This Important Part of the Declaration of Independence Was Edited Out

July 3rd 2017

Elementary school teaches us the Declaration of Independence was originally written by Thomas Jefferson, who would later become the third president of the United States. What many textbooks are missing is: Jefferson's first draft of America's founding document included a harsh condemnation of slavery.

In the first draft of the Declaration, Jefferson criticized King George of Britain's support of slavery. From the document:

"He has waged cruel war against human nature itself, violating its most sacred rights of life and liberty in the persons of a distant people who never offended him, captivating and carrying them into slavery in another hemisphere, or to incur miserable death in their transportation hither. This piratical warfare, the opprobium of infidel powers, is the warfare of the Christian king of Great Britain. [Determined to keep open a market where MEN should be bought and sold.] He has prostituted his negative for suppressing every legislative attempt to prohibit or to restrain this execrable commerce [determining to keep open a market where MEN should be bought and sold]: And that this assemblage of horrors might want no fact of distinguished die, he is now exciting those very people to rise in arms among us, and to purchase that liberty of which he had deprived them, by murdering the people upon whom he also obtruded them: thus paying off former crimes committed against the liberties of one people, with crimes which he urges them to commit against the lives of another."

When Jefferson's first draft of the Declaration of Independence made it to the Continental Congress, many objected to the passage about slavery, and that section was removed from the Declaration on July 1, 1776.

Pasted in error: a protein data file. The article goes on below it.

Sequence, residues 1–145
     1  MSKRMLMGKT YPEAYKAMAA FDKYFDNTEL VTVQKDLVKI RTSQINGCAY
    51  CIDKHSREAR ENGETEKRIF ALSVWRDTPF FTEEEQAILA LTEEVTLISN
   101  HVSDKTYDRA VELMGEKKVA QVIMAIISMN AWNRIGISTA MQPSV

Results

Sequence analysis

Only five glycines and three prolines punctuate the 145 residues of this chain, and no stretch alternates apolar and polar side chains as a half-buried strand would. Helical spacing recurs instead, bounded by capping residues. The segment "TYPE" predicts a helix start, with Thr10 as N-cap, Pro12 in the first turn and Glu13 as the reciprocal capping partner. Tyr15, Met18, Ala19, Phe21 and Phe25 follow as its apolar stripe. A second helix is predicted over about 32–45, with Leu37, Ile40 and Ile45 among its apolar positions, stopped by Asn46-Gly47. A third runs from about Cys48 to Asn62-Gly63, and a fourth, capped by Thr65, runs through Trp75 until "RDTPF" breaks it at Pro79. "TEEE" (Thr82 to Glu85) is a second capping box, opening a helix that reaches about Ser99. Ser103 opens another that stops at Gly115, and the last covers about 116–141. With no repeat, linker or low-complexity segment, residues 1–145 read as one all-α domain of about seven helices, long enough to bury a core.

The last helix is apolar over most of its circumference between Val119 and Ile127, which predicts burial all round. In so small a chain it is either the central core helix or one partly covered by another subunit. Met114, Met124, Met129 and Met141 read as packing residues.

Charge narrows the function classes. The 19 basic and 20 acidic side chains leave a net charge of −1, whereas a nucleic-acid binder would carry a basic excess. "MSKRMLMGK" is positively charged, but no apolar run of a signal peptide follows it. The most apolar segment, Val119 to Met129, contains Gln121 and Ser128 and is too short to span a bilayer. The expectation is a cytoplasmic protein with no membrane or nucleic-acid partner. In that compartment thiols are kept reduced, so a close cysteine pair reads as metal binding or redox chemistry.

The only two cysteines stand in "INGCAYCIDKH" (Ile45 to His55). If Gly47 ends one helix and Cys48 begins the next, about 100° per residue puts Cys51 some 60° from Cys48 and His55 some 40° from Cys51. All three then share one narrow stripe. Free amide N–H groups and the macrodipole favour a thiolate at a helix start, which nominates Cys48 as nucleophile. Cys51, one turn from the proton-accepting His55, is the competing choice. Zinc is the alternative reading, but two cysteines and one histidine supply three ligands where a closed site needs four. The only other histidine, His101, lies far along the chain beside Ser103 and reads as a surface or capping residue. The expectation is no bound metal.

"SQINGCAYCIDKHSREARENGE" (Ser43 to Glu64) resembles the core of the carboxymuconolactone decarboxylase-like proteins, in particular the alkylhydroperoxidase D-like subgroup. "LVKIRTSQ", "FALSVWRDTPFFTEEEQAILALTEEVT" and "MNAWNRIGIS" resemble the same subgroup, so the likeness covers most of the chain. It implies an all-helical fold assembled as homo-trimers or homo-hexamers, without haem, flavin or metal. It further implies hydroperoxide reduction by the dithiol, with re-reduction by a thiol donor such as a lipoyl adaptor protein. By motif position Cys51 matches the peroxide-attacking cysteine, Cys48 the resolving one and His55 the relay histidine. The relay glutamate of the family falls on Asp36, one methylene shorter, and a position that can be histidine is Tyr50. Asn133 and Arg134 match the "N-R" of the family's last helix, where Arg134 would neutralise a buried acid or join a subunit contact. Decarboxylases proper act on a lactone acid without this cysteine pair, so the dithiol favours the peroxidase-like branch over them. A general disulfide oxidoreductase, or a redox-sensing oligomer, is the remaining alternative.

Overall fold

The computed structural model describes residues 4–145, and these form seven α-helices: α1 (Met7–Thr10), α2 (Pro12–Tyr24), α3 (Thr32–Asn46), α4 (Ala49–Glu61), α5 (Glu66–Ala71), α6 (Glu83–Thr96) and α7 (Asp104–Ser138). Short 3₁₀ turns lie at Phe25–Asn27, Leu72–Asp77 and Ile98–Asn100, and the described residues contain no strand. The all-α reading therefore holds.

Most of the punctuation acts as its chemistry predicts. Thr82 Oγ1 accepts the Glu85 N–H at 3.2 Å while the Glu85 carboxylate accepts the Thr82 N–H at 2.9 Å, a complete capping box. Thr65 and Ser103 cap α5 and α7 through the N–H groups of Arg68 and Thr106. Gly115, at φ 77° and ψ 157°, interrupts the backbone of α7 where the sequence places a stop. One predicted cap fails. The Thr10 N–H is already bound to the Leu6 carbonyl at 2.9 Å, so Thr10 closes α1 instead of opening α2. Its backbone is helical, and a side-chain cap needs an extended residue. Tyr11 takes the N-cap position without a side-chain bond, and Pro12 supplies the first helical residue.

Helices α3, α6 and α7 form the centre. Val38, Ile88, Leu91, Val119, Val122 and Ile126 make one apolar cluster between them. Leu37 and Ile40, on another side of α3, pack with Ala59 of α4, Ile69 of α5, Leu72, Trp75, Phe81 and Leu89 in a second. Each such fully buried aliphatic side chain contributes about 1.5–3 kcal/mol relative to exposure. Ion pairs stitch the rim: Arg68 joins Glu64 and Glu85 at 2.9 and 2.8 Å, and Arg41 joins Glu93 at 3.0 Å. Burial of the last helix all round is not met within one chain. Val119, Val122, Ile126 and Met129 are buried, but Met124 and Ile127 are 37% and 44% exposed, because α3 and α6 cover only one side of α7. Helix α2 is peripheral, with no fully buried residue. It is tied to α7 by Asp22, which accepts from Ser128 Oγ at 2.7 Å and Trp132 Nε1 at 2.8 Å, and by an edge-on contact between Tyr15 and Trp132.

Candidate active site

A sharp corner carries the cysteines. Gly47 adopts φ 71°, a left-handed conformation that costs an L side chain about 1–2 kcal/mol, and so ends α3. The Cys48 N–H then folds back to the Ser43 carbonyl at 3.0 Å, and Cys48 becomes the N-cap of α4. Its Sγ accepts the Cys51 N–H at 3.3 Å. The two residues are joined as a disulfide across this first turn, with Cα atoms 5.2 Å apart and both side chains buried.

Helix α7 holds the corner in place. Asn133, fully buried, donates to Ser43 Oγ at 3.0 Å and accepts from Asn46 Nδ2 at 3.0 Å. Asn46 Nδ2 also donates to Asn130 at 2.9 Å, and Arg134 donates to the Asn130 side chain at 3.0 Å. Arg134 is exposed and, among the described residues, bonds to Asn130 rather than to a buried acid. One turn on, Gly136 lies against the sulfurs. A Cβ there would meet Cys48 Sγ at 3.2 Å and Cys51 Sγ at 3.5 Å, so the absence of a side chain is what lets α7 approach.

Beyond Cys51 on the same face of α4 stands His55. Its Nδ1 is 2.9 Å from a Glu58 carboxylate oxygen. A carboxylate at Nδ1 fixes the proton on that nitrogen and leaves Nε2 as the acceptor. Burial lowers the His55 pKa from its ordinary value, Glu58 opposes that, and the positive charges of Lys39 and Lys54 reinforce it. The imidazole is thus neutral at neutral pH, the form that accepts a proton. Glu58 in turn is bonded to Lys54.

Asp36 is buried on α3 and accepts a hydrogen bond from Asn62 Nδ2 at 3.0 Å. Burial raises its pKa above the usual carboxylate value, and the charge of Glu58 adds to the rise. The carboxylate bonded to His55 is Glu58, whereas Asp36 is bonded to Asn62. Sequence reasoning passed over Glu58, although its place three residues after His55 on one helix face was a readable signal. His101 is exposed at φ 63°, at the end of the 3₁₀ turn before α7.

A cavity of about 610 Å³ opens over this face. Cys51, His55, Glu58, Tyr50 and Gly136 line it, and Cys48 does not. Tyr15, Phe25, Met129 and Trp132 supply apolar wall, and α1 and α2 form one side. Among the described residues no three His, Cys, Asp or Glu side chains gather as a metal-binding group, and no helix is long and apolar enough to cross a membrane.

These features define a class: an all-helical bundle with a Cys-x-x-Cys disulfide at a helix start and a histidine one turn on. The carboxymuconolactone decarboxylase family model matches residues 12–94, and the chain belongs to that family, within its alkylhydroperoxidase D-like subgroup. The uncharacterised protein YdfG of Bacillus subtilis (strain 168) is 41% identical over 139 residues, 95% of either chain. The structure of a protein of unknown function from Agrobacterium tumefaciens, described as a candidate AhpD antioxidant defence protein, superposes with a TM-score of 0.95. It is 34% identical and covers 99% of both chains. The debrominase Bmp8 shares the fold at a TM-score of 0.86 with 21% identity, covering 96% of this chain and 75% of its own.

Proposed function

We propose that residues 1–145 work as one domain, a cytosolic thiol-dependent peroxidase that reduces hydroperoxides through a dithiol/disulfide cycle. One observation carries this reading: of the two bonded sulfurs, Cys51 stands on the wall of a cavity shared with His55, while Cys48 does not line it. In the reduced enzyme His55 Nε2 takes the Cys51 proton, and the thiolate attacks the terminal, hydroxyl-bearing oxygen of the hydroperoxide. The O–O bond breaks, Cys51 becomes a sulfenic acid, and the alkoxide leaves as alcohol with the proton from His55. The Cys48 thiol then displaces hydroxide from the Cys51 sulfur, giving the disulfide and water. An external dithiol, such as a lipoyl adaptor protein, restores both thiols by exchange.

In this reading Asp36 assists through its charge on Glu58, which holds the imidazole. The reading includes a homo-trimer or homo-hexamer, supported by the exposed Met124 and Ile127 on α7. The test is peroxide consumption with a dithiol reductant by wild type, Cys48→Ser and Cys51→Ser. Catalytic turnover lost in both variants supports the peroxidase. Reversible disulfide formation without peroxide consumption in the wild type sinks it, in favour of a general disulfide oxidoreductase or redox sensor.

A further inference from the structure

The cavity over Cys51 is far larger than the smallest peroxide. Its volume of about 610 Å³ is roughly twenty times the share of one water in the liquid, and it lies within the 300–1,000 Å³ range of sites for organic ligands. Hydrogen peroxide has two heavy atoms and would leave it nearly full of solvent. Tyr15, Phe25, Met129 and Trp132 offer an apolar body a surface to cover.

This isn't the only time Jefferson spoke out against slavery, either. In 1778, Jefferson wrote a Virginia law that banned his home state from importing more slaves.

Yet, Jefferson's relationship with slavery is still being hotly debated.

Jefferson's relationship with slavery

thomas jeffersonWhite House Historical Association/Wikimedia - wikimedia.org

Jefferson's opposition to slavery may come as a surprise to some, because it's well known that Jefferson himself was a Southern slave owner. However, historians claim Jefferson did genuinely support the abolition of slavery.

"He was sincerely against slavery," John Boles, a professor of history at Rice University who has written about Jefferson, told ATTN:. "He just didn't know how he could end it for himself or for the nation, but he believed slavery was terribly wrong, and he spoke and wrote against it many times."

Boles said Jefferson was born into a slave society and inherited slaves, and he felt stuck in a difficult position. He did eventually free some of his slaves.

Annette Gordon-Reed, a professor of history at Harvard who wrote a book about Jefferson and his slaves called "The Hemingses of Monticello: An American Family," told ATTN: Jefferson was firmly against slavery.

"Jefferson certainly believed slavery was an evil," Gordon-Reed said. "He lost faith in his fellow Virginians' desire to do anything about the institution and concentrated on other things, namely the politics of United States of America."

You can argue his beliefs and his actions were sometimes miles apart. To this day there is an ongoing debate about Jefferson and his slave Sally Hemings, who many historians believe had six of Jefferson's children. A slave owner having sex with a slave constitutes rape by today's standards—particularly if she was underage. There remains some disagreement about what their relationship was really like, while others say it's wrong to conjure mitigating factors in sexual abuse that was common in slavery.

Gordon-Reed said that if Jefferson's words against slavery had remained in the Declaration, it may have had a major impact. 

"He has some pretty harsh words to say about the slave trade and he recognizes Africans as human beings in a very eloquent way," she said. "I think those words could've been used throughout American history had they remained in the Declaration."

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